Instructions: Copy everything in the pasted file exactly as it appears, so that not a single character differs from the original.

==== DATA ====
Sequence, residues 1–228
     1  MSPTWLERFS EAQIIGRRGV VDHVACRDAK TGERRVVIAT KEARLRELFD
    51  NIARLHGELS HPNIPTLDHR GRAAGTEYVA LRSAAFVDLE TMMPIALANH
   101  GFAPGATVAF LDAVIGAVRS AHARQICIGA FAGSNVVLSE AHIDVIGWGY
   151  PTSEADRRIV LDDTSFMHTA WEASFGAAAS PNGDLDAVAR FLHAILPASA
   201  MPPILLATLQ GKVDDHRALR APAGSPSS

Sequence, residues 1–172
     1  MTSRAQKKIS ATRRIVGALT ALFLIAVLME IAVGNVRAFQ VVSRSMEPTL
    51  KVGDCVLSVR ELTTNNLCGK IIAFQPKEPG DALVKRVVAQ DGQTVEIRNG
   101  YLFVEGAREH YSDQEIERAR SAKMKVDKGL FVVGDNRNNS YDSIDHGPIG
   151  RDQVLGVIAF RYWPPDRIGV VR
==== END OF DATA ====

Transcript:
Sequence, residues 1–228
     1  MSPTWLERFS EAQIIGRRGV VDHVACRDAK TGERRVVIAT KEARLRELFD
    51  NIARLHGELS HPNIPTLDHR GRAAGTEYVA LRSAAFVDLE TMMPIALANH
   101  GFAPGATVAF LDAVIGAVRS AHARQICIGA FAGSNVVLSE AHIDVIGWGY
   151  PTSEADRRIV LDDTSFMHTA WEASFGAAAS PNGDLDAVAR FLHAILPASA
   201  MPPILLATLQ GKVDDHRALR APAGSPSS

Sequence, residues 1–172
     1  MTSRAQKKIS ATRRIVGALT ALFLIAVLME IAVGNVRAFQ VVSRSMEPTL
    51  KVGDCVLSVR ELTTNNLCGK IIAFQPKEPG DALVKRVVAQ DGQTVEIRNG
   101  YLFVEGAREH YSDQEIERAR SAKMKVDKGL FVVGDNRNNS YDSIDHGPIG
   151  RDQVLGVIAF RYWPPDRIGV VR